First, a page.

Business Group Calls for New Local Tax Cap

TALLAHASSEE — Arguing that local government spending has ballooned uncontrollably, the National Federation of Independent Business kicked off a petition drive Tuesday to put an amendment on the 2010 ballot restricting local governments' ability to spend.

Calling the initiative "Your Dollar, Your Decision," the small-business group is backing a proposed constitutional amendment to limit spending increases to inflation-plus-population-growth unless local voters approve a heftier hike.

The initiative still faces Florida Supreme Court review and backers must amass more than 611,000 verified signatures to put the issue before voters.

"The time has come to rein in local government spending," said Bill Herrle, executive director of NFIB/Florida. "We simply cannot have local governments growing faster than the citizens' ability to pay for it."

If approved, the amendment would establish the 2010 fiscal year as the point of departure. In subsequent years, local officials without voter approval could raise spending to accommodate population growth and the inflation factor experienced by urban workers.

To raise revenues more, local government officials would have to seek voter approval in a referendum, where a simple majority would prevail.

County representatives say the measure is a reincarnation of similar proposals rejected by lawmakers and the recently convened Taxation and Budget Reform Commission.

Such a tax cap initiative, critics like local governments charge, would unnecessarily hamstring local officials already hard-pressed to raise additional revenue to pay for state-funded mandates and past growth.

"If every government budget decision is sent to a vote, it is not the people that will lead the charge but special interests investing their dollars to influence and sway your opinion with spin rather than the complex facts that often go into making these difficult budget decisions," Chris Holley, executive director of the Florida Association of Counties said in a statement.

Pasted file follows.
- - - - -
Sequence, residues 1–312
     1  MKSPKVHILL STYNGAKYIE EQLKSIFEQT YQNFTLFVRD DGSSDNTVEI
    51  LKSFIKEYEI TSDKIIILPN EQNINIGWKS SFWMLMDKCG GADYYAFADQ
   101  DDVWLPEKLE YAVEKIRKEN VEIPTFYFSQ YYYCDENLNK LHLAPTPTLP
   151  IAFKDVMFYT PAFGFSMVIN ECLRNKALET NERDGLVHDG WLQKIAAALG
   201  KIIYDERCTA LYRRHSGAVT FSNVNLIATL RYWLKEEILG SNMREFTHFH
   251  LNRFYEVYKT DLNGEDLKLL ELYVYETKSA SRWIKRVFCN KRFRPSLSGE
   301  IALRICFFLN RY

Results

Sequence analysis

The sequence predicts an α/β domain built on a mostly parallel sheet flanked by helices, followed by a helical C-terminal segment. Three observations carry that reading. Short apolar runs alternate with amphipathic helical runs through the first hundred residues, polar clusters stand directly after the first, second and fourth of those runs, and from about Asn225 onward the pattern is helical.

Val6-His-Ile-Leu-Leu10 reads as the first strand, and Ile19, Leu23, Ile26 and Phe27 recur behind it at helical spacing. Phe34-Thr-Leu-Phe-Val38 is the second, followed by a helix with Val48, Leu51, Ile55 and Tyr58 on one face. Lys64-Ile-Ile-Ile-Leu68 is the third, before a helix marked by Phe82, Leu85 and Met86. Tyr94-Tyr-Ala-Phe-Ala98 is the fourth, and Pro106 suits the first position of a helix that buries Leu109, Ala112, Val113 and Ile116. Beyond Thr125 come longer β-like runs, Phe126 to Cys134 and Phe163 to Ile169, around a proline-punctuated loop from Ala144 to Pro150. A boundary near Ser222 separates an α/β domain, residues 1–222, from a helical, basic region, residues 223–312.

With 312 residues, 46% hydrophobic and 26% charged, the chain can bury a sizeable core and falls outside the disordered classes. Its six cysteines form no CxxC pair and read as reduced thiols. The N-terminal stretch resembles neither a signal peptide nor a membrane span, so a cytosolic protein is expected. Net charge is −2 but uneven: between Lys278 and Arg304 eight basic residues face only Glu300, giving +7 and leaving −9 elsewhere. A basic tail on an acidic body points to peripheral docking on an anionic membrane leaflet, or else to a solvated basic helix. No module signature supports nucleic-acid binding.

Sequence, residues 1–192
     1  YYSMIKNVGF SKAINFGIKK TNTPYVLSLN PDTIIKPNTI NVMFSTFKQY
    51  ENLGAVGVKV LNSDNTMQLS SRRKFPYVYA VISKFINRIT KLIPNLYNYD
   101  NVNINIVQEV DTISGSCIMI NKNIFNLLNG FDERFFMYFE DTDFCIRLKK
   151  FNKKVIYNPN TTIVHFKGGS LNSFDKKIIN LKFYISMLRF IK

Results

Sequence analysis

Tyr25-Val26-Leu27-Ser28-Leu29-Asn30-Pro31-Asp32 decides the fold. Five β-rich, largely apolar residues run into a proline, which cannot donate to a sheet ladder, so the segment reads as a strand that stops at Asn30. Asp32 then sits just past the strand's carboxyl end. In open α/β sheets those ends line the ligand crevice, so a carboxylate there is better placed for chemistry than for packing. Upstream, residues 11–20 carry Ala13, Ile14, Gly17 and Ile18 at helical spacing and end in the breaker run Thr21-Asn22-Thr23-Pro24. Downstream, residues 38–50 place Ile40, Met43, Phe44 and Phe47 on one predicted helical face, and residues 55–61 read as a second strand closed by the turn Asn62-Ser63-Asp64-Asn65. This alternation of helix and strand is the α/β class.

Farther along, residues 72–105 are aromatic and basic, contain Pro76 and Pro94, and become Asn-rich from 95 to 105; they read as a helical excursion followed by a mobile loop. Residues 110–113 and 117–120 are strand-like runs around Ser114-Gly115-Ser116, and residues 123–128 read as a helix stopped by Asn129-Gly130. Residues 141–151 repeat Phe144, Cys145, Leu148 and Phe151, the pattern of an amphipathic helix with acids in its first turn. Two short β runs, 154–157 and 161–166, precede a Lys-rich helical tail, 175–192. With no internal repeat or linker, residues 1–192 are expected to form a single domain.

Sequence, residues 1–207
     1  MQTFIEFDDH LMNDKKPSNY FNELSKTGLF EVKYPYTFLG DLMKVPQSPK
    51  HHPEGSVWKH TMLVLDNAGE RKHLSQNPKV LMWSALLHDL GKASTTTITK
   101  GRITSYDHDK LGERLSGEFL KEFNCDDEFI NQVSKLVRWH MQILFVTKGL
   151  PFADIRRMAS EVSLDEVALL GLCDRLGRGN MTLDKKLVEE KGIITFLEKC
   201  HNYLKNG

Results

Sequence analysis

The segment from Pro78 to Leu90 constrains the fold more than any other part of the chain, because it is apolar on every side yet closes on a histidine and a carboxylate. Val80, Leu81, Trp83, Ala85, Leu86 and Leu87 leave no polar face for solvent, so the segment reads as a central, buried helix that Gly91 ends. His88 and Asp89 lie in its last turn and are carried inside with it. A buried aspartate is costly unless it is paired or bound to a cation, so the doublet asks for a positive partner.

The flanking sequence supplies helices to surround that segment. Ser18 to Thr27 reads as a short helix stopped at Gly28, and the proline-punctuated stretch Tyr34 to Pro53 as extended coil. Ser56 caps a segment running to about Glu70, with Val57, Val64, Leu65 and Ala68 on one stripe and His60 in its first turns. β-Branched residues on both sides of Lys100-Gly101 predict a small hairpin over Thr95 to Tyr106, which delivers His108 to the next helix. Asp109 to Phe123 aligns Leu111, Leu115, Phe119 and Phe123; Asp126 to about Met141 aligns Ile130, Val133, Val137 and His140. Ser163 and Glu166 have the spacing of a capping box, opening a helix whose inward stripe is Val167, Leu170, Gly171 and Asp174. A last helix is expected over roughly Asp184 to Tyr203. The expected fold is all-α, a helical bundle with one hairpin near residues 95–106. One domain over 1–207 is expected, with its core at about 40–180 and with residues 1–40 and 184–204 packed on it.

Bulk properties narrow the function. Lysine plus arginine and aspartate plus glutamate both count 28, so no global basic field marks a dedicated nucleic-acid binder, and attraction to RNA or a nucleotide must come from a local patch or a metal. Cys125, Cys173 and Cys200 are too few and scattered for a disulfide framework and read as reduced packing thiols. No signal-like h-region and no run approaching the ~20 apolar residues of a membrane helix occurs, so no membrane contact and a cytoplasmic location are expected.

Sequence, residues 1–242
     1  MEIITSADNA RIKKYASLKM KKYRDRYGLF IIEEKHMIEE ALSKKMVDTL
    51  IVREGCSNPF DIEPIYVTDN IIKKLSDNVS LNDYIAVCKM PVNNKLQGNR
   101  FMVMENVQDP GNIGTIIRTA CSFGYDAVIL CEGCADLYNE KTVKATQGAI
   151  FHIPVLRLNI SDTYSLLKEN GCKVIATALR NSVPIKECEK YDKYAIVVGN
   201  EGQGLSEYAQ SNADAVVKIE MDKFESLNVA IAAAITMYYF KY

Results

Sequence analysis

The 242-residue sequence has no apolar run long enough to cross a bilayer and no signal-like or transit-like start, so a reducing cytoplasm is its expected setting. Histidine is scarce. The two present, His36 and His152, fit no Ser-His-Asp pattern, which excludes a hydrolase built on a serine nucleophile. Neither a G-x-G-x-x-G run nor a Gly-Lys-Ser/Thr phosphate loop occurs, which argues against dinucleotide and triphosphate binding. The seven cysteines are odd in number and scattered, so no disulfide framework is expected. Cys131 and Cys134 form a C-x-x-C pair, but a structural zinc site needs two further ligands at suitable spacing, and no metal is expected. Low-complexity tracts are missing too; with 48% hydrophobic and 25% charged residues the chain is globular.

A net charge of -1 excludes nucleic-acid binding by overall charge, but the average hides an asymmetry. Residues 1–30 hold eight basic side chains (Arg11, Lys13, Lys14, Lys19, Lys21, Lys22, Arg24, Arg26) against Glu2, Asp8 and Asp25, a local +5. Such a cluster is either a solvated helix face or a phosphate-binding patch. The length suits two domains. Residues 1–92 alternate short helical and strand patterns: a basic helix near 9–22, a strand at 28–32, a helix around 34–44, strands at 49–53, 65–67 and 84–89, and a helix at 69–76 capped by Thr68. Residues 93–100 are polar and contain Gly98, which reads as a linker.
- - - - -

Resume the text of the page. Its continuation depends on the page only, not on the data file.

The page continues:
"State and local leaders agree that government cannot and should not grow faster than the public's ability to fund it, but (the proposal) is not a responsible way to address this issue," Holley said.

The proposal is the latest in a series of measures targeting local governments' ability to raise taxes. Earlier this year, the Florida Supreme Court struck down a proposed amendment that would have eliminated most local property taxes in exchange for an increase in the state sales tax.

In 2007, state lawmakers ordered local governments to roll back tax rates and placed a cap on revenue increases. But many local governments exceeded the caps. In Jan. 2008, voters approved a cap on local revenues.

Tax cap supporters say local business owners, renters and seasonal visitors bear the brunt of property tax increases because homeowners are protected by the Save our Homes amendment that caps tax assessment growth on homesteaded property at 3 percent.

"Taxes and fees continue to rise at a rapid rate," said coalition co-chairman Allen Douglas. "A large percentage of these taxes are paid for by the smallest businesses in the state. But those same businesses employ approximately 50 percent of all Florida workers."

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